Tensions between the United States and Turkey are rising over the latter’s growing proximity with Russia. The US House Foreign Affairs Committee has asked Trump to put sanctions against Ankara over the deal to buy the Russian air-defense system, the S-400. The US has long been trying to pressurize Turkey to back out of the deal. On Wednesday, while Turkey’s president Recep Tayyib Erdogan was in Moscow, the Pentagon chief made a statement that Turkey may procure US-made F-35 fighter jets only if it cancels its deal with Russia for S-400s.
The Trump administration has already suspended Turkey’s participation in the F-35 program last month and has threatened to put sanctions on Turkey under the Countering America’s Adversaries Through Sanctions Act (CAATSA). This legislation passed in 2017, identifies Russia as one of the adversaries of the US, and hence any deal with Russia can invite sanctions.
Russia and the US are the two top weapons exporters in the world. Turkey has been a crucial destination for US weapons export. The US wanted to sell its Patriot missiles to Turkey, which it claims is a better alternative to the S-400. However, Turkey considers the S-400 a better air defense system than the Patriot missiles. The Turkish decision to buy the S-400 has led to the US cancelling its promised sale of F-35 fighter jets to Turkey, as it believes that the deal with Russia can make its technology vulnerable to Moscow’s espionage.
Meanwhile, Russia and Turkey are in the process of consolidating their defense relationship. Russia wants to sell its Su-35 fighters to Turkey and has promised to make Turkey a part of its fifth-generation advanced fighters, Su-57 program.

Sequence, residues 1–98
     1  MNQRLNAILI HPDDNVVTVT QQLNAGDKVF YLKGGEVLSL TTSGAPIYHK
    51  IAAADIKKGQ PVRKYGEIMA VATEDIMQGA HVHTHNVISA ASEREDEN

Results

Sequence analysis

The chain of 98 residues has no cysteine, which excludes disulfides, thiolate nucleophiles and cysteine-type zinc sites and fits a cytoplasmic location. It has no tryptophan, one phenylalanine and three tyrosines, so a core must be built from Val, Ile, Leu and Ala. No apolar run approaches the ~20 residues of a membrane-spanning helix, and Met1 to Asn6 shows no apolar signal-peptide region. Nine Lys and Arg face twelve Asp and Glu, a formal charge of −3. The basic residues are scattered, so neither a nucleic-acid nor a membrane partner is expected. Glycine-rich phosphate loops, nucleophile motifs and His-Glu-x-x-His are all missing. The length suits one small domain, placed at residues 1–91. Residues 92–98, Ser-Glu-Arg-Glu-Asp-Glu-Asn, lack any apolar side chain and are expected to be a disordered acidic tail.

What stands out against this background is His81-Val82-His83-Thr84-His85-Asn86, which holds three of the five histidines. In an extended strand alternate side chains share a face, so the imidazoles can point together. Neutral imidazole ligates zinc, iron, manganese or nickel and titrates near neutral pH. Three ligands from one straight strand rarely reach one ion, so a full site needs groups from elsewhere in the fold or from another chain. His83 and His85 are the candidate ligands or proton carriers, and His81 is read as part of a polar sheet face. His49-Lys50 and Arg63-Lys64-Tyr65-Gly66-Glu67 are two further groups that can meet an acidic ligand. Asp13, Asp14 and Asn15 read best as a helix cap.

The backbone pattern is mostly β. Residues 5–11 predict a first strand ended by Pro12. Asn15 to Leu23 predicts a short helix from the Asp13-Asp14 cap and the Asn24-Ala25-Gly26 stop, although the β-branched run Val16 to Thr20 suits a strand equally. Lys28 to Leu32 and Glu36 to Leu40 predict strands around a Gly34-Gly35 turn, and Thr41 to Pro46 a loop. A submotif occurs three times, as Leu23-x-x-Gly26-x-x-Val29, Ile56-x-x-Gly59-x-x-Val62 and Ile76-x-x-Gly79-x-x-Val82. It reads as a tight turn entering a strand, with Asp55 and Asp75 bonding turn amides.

The US and Turkey are NATO members and have shared a close relationship for decades. They both have held an anti-Russia stance for long. However, the relations between them have suffered ever since Trump has come to power in the US.
Currently, the countries display contrasting positions on a range of issues including, Iran, Israel and Syria. Erdogan’s ideological line seeks legitimacy from sections of the Turkish society who have, in the past, been opposed to closeness with the US and Israel. This constituency, which has hardened its position with the onset of the Trump presidency, is the prime mover behind Erdogan’s shift
Russia and Turkey have even tried to build a joint mechanism in the ongoing war in Syria. Last year, in Sochi, the two countries signed a de-escalation agreement pertaining to Syria’s Idlib province . Despite opposition from the US, they have also initiated a cooperative venture for gas exploration in Cyprus, in the Mediterranean Sea.